Interview with Liubin Pan

Q: What is the focus and direction of your research?

My research basically focuses on interstellar turbulence. In particular, I have been studying turbulent mixing of heavy elements in the interstellar media of galaxies. Recently, I started a research effort to understand collisions of dust particles in protoplanetary turbulence, and its implications on planetesimal formation. Generally, I am interested in turbulence theory and in applying models and methods developed in the turbulence community to understand the effects of turbulence in various astrophysical environments.

Q: What do you hope to accomplish in your 4 years as a Clay Postdoctoral Fellow?

As a Clay Fellow, I would like to further advance my research work mentioned above. I hope that my work on protoplanetary turbulence would finally help understand how planetesimals form. I plan to expand my research to other topics, such as magnetohydrodynamic turbulence and plasma physics. I would also like to extend my work to the high-redshift universe. After completion of the Fellowship, I wish to become a better researcher who has the necessary background for a long-term research job.

Q: How have the facilities and personnel resources at the CfA furthered your research project?

I have been using the archives and great library services at CfA. My research needs computation facilities for simulations, and it is convenient to make use of super computer clusters available at the Institute for Theory and Computation (ITC).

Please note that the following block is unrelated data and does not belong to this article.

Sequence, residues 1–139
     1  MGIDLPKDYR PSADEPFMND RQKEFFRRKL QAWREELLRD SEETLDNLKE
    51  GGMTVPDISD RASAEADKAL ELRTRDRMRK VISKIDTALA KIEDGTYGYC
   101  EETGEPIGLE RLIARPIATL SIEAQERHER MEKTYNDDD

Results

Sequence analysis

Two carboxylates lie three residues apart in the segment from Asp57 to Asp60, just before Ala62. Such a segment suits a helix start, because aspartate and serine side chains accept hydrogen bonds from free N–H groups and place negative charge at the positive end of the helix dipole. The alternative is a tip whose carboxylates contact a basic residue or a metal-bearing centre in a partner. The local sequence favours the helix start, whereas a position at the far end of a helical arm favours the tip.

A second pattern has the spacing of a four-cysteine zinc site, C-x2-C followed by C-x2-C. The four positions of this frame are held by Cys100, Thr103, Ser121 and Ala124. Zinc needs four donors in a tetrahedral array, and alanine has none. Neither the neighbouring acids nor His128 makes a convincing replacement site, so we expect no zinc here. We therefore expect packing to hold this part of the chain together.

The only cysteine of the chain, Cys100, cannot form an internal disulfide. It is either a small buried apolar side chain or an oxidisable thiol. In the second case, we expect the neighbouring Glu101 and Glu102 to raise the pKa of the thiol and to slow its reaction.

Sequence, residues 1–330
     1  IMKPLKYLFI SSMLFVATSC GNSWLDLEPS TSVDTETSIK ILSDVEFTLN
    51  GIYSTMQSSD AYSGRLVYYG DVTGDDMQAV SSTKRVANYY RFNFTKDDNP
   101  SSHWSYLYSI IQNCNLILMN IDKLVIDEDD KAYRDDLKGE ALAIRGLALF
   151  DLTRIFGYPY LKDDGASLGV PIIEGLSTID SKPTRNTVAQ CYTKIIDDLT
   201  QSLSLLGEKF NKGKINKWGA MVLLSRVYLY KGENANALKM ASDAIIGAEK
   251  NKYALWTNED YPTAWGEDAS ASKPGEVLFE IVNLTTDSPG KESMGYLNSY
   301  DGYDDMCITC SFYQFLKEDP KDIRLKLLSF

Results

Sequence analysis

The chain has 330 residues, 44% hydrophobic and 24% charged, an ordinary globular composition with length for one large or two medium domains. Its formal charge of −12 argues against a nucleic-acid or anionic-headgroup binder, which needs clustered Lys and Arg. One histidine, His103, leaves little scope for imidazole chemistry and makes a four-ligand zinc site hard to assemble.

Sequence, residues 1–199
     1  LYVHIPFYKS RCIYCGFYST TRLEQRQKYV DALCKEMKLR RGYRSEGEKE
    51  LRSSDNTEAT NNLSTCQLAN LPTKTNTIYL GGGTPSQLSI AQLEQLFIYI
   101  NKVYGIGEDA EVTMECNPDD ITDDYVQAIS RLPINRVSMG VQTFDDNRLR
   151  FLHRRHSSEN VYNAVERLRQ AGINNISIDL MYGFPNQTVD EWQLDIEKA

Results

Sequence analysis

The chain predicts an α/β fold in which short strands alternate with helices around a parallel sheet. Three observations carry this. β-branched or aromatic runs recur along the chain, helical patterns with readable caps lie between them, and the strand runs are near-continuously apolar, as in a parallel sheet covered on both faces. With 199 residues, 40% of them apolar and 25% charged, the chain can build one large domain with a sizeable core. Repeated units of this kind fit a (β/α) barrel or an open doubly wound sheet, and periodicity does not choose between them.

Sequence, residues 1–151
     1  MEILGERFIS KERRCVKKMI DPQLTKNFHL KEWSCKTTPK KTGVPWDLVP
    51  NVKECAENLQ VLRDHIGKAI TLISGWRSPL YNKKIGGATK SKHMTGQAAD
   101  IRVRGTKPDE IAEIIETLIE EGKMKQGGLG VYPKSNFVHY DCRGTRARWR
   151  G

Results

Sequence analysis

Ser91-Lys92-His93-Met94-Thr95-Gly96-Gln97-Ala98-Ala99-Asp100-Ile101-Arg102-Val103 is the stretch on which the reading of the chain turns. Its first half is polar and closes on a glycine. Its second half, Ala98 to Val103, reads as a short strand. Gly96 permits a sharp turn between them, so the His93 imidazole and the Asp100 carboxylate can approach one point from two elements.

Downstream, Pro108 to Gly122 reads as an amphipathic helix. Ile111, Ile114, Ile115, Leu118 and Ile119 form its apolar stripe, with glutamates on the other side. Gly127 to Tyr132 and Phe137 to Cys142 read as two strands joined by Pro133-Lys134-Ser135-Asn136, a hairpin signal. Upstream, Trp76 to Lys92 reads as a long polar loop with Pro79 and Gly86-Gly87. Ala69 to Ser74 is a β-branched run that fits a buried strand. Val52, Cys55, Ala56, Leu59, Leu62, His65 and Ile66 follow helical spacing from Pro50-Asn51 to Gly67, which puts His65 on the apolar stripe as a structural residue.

Q: What is a typical day like for you?

Typically, I work in my office, doing data analysis, developing theoretical models, communicating with collaborators, and writing papers. I go to talks directly relevant to my research work or in areas of general interest. Sometimes I go to dinners with ITC visitors.

Q: Is there some element about the CfA that may be surprising to those who have never spent time here as a researcher?

The main impression I had when I first came here was the size of CfA. There are so many great researchers working in various fields, and there are many visitors and talks every week. I guess this would probably impress any researcher who has never spent time here. I think the research activities and the scientific atmosphere would be a great experience for anybody.

Q: What is like to live and work in the Cambridge area?

It is generally nice to live and work in Cambridge, although the weather can get annoying in the winter. I live close to CfA, about 25-minute walk. For me, it is nice to walk to work every day. I very much enjoyed both the cultural and scientific activities in Cambridge.

Q: What has been the highlight of your first year at the CfA?

I think the highlight of my first year at CfA was that I was able to concentrate on a few interesting research topics. Meanwhile, I am getting familiar with life in Cambridge.


Clay Fellow Warren Brown